This is the first time the Torah says a man loves his wife.  In the next Torah portion, when they do not have children as soon as they would like, Isaac entreats God on his wife’s behalf, and she becomes pregnant with twins.  He backs up Rebecca in whatever she says to their sons, and he never takes another wife.

Yet when Isaac is 80, his son Esau brings home two Hittite wives that both he and Rebecca find insufferable.  Then Isaac becomes blind and confined to his tent, he is confused and frustrated when he tries to bless Esau, and both his sons move away.  He lingers on until age 180.

Then Isaac breathed his last, and he died, and he was gathered to his people, old and sated with days, and Esau and Jacob, his sons, buried him.  (Genesis 35:29)

Isaac dies “sated”, like Abraham, but the word tov, “good”, is not included this time.  Is Isaac satisfied with his life when he dies, happy with all those years in Rebecca’s company?  Or does he get tired of waiting for Jacob to come back and visit and introduce him to his grandchildren?  Jacob returns to Canaan after 20 years out of the country, but he heads for Shechem instead of for Isaac’s home in Beersheva, and the Torah give no indication that he see his father again until the funeral.  Maybe Isaac dies “sated with days” because he has had enough, he does not want another day.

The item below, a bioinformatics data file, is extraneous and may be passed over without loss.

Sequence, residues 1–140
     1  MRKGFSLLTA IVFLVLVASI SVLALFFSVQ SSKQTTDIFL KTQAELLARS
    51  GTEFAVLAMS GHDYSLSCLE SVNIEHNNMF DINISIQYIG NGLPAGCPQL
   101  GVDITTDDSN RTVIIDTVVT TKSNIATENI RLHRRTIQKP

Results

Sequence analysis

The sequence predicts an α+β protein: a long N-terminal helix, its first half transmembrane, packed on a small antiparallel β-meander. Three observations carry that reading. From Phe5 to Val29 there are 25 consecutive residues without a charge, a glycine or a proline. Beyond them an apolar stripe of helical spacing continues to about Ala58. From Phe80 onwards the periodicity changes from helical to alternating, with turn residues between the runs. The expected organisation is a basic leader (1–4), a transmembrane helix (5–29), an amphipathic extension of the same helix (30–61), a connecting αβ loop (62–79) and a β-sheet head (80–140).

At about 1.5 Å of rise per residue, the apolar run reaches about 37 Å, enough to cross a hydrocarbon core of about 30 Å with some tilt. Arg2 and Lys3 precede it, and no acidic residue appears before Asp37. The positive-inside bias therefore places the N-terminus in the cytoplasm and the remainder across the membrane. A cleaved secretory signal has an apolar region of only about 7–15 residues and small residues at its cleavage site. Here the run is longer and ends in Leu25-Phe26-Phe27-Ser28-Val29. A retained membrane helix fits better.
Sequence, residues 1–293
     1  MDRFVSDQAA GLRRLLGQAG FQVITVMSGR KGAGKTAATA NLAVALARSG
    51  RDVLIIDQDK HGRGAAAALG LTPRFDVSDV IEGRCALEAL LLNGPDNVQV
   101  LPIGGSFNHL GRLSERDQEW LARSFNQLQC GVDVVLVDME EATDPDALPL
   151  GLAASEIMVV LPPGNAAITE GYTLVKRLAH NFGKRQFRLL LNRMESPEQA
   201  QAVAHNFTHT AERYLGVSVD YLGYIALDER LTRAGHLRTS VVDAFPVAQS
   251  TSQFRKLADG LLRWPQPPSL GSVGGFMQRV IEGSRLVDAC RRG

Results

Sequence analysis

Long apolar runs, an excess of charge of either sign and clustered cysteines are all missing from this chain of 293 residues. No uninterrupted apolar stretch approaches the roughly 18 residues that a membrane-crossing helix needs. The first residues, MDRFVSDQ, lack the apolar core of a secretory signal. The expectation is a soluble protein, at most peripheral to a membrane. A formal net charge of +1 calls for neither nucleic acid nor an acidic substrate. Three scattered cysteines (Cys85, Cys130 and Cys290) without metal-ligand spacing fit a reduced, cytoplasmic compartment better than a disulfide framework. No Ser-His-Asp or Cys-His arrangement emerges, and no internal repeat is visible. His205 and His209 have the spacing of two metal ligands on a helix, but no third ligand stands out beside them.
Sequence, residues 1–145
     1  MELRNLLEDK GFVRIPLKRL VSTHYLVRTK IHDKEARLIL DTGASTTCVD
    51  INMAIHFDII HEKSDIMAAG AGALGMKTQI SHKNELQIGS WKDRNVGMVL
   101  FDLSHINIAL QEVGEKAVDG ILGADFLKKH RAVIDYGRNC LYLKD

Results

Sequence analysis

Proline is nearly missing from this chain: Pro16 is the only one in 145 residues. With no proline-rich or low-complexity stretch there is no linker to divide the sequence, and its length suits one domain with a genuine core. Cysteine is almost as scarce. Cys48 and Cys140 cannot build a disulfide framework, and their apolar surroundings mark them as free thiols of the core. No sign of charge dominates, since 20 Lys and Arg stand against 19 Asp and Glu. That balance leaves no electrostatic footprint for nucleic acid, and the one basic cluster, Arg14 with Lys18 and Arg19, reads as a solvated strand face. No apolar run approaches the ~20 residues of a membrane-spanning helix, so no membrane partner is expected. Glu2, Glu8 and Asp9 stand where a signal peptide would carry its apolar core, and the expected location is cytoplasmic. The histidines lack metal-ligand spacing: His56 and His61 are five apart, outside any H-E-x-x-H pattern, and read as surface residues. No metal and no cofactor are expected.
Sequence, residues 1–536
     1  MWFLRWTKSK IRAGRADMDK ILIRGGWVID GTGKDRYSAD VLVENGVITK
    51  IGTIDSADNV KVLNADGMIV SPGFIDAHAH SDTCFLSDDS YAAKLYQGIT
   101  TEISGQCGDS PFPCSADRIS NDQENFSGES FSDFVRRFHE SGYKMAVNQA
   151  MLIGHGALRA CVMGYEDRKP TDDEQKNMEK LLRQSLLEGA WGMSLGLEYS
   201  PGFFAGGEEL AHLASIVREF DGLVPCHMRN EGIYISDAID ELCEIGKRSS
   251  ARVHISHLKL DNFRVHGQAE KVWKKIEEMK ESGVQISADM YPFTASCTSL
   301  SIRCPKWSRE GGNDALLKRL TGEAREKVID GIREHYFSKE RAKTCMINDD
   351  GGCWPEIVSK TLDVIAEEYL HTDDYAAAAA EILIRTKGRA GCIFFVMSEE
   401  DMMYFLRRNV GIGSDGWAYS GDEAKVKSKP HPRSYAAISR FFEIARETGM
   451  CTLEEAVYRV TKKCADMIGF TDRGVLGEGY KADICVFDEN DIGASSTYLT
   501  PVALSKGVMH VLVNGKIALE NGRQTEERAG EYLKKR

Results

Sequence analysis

When we are in the thick of life, we do not know whether we will die like Sarah, who perhaps feels she has not lived enough; or like Abraham, who feels full and content; or like Isaac, who might feel he could not stand another day.  But can we do something about it?  Is it possible to live so that no matter when death comes, at that moment we are feeling satisfied with our lives?